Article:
4 Lesson 1 Rise of Greek Civilization, Continued In the 700s b.c., the Greeks started to make coins from metals to make trading easier. A coin is small and can be traded for many different types of goods. This makes it convenient to carry and use. Trade increased and made the Greek colonies wealthier. The Greek City-State The polis, or city-state, was the basic political unit in early Greece. At the center of each polis was a fort built on a hilltop. This fort was called an acropolis. The open area outside the acropolis was called the agora. This space was used as a marketplace. People gathered in the agora and debated issues, passed laws, and chose officials. Each polis was governed by its own citizens. The Greeks developed the modern idea of citizenship. In early Greece, only males who had been born in the polis and owned land were citizens. They had the right to vote, hold public office, and defend themselves in court. Their responsibilities included serving in government and fighting to defend their polis. Women and children, however, had no political rights. Citizens fought to defend their city-state. These citizen soldiers were called hoplites. They fought on foot. Each was armed with a round shield, a short sword, and a spear. When fighting, the hoplites would march shoulder to shoulder into battle. This formation was called a phalanx. The polis gave Greek citizens a sense of belonging. However, strong loyalty to their individual city-states also divided Greece. This lack of unity weakened Greece and made it easier for outsiders to conquer Greece. Glue Foldable here for Understanding List three ways Greek city-states created the idea of citizenship How did loyalty to the city-states divide Greece? How did the colonies affect trade and industry in the Greek world? Explaining 9. Why were coins invented? 10. What were the rights and responsibilities of Greek citizens? 11. Cover the for Understanding with a one-tab Foldable. Write City-State on the anchor tab. On the front, draw and label a diagram of a typical city-state. On the reverse side, describe a city-state. 76

5 Lesson 2 Sparta and Athens: City-State Rivals ESSENTIAL QUESTION Why do people form governments? GUIDING QUESTIONS 1. Which types of government did the Greek city-states have? 2. Why did the Spartans focus on military skills? 3. How did the culture in Athens differ from other Greek city-states? Terms to Know tyrant an absolute ruler unrestrained by law oligarchy a government in which a small group has control democracy a government by the people helots enslaved people in ancient Sparta ephor a high-ranking government official in Sparta who was elected by the council of elders Where in the world? MACEDONIA Ionian Sea Mt. Olympus GREECE Aegean Sea Troy KEY Ancient Greece ASIA MINOR Athens PELOPONNESUS Sparta Mediterranean Sea When did it happen? Sea of Crete Knossos Crete km Lambert Azimuthal Equal-Area projection W 100 miles N S E 650 b.c. 600 b.c. 550 b.c. 500 b.c. 650s b.c. Helots rebel against Spartan masters 594 b.c. Fair-ruling tyrant Solon leads the government in Athens 560 b.c. Peisistratus leads the Athenian government 508 b.c. Cleisthenes leads the Athenian government You Are Here in History 600s b.c. Nobles lose power in city-states 77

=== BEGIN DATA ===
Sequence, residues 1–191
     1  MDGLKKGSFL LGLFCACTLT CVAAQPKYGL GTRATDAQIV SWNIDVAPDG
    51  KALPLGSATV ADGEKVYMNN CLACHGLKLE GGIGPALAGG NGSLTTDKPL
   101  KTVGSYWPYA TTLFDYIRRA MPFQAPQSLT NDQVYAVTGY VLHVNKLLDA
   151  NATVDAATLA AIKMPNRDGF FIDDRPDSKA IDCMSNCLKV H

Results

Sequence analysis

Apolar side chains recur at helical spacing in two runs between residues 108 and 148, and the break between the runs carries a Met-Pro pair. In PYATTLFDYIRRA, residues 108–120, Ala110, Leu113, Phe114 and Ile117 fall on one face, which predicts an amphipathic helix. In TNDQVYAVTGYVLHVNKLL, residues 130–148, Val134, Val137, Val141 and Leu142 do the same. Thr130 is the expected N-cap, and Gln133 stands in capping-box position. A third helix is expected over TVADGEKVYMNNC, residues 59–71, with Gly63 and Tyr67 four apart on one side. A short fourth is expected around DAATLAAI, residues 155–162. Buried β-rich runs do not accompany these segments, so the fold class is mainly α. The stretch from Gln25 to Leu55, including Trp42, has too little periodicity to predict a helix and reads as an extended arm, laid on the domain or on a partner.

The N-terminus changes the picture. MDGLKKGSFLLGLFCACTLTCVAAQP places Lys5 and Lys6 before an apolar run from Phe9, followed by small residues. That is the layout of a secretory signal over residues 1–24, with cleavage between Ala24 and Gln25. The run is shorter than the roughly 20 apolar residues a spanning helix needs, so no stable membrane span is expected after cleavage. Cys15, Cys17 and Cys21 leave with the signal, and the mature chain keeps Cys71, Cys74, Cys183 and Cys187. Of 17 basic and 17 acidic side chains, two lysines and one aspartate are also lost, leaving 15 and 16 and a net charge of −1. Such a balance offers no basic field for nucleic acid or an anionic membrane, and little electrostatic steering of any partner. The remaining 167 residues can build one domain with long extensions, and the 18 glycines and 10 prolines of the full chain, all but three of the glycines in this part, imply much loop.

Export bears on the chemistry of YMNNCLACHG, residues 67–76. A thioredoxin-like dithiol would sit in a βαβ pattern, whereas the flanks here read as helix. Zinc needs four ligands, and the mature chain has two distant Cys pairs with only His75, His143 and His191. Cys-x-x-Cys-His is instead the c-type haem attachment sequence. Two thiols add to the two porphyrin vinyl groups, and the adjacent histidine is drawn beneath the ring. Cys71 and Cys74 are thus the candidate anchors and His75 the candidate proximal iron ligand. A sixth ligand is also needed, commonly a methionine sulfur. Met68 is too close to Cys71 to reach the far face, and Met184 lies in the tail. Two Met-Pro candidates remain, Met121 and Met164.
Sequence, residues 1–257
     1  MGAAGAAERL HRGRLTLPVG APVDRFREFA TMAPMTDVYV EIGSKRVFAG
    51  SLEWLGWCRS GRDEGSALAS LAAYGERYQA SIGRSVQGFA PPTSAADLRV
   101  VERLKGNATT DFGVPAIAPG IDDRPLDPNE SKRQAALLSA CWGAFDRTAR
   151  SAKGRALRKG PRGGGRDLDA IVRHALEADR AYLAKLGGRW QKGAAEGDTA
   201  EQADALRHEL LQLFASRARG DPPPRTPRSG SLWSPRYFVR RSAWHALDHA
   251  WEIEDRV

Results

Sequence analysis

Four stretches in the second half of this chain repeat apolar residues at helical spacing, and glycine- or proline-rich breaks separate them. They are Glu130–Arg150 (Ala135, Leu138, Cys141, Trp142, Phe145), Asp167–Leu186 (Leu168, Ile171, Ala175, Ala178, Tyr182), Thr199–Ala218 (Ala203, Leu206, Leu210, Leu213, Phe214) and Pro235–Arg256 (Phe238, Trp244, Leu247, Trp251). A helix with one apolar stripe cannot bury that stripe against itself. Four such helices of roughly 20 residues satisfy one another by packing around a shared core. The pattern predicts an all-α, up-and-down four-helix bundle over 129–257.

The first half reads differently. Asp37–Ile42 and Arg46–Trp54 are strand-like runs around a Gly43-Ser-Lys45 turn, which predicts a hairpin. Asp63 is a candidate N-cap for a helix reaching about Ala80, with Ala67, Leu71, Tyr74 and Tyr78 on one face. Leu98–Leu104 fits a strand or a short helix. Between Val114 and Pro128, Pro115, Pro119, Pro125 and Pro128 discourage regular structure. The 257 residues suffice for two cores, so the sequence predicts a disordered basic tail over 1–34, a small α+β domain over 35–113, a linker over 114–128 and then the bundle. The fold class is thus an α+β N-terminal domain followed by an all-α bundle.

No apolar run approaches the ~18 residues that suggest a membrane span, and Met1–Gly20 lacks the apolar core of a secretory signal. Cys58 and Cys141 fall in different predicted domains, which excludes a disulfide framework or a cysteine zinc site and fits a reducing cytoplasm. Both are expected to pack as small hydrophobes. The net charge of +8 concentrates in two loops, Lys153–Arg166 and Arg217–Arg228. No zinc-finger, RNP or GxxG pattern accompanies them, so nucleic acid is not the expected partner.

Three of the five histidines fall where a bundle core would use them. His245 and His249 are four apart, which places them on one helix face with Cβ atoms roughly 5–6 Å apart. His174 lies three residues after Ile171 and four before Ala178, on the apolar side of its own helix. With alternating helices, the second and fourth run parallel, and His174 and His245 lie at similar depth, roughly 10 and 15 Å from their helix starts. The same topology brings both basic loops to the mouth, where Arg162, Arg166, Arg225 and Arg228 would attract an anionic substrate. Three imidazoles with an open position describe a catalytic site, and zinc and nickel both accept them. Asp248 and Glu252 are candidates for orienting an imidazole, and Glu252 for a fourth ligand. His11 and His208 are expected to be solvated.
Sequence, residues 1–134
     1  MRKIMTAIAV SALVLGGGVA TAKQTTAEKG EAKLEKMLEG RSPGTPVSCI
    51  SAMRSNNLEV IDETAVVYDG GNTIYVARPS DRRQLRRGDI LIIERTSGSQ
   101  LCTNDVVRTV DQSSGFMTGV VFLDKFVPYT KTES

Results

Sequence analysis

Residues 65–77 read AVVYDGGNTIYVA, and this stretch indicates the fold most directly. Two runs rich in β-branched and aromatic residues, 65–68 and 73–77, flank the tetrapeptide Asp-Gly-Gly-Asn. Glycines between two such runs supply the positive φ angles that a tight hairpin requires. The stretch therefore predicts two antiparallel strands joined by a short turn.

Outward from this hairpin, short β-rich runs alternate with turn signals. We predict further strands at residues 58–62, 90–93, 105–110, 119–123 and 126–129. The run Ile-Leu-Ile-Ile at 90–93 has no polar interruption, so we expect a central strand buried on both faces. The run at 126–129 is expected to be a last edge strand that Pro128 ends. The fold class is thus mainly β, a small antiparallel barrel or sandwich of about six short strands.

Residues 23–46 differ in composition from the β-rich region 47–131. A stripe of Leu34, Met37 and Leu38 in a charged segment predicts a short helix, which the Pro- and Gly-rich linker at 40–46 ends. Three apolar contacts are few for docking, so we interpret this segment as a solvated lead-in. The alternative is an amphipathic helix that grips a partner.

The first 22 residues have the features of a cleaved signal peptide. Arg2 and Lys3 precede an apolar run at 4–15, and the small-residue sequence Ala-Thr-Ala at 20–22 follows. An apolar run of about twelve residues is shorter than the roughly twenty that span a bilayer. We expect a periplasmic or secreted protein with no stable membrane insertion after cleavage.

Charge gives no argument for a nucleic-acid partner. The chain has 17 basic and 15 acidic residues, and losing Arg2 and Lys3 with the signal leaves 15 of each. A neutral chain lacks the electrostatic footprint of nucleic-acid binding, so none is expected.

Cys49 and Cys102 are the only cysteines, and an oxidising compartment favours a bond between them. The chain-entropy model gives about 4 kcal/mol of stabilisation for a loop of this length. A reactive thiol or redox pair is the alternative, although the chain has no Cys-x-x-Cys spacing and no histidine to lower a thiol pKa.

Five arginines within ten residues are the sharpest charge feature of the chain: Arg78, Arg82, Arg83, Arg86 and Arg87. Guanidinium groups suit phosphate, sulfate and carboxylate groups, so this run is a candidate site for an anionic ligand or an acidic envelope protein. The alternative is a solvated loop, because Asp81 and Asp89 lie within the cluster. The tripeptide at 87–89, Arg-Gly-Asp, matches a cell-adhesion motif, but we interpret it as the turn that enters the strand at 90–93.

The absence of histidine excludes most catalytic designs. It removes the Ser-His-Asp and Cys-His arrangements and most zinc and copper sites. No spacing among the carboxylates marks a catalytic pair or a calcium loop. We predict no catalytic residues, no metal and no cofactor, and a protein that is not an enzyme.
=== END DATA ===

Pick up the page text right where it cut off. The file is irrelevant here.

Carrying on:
6 Lesson 2 Sparta and Athens: City-State Rivals, Continued Political Changes As the Greek city-states grew, there were political changes. The wealthy nobles had seized power from the kings. Owners of small farms did not like the nobles ruling, however. Many of them had borrowed money from the nobles. When the farmers could not repay their loans, the nobles took their farms. By 650 b.c. merchants and artisans also wanted change. They were not citizens because they did not own land. That meant they did not have a say in ruling the polis. The growing political unrest led to the rise of tyrants. A tyrant is someone who seizes power and rules with total authority. Most of the tyrants who controlled city-states ruled fairly. It was the harshness of a few tyrants that gave the word tyranny its current meaning; rule by a cruel and unjust person. The common people and the hoplites, or citizen soldiers, supported the tyrants overthrowing the nobles. Tyrants became more popular by building new marketplaces, temples, and fortresses. Most people in the Greek city-states objected to rule by one person, however. They wanted a government in which all citizens had a say. Tyrants ruled many Greek city-states until about 500 b.c. Then most Greek city-states changed to either an oligarchy or a democracy. In an oligarchy, a few wealthy people hold power over the larger group of citizens. In a democracy, all citizens have a say in the government. Each polis chose its own type of government. Sparta and Athens, two important Greek city-states, had different types of government. They also had very different societies. Nobles took control from kings. Farmers, merchants, and artisans wanted changes. Political Changes in Ancient Greece Common people supported tyrants. Most tyrants ruled fairly. Greeks wanted more say in government. Replaced most tyrants with oligarchies or democracies Defining 1. What is a tyrant? Listing 2. List two groups of people who lived in Greek city-states that did not want the nobles to rule. Marking the Text 3. Underline the definitions of oligarchy and democracy. 4. Why were tyrants able to hold power in various Greek citystates? 78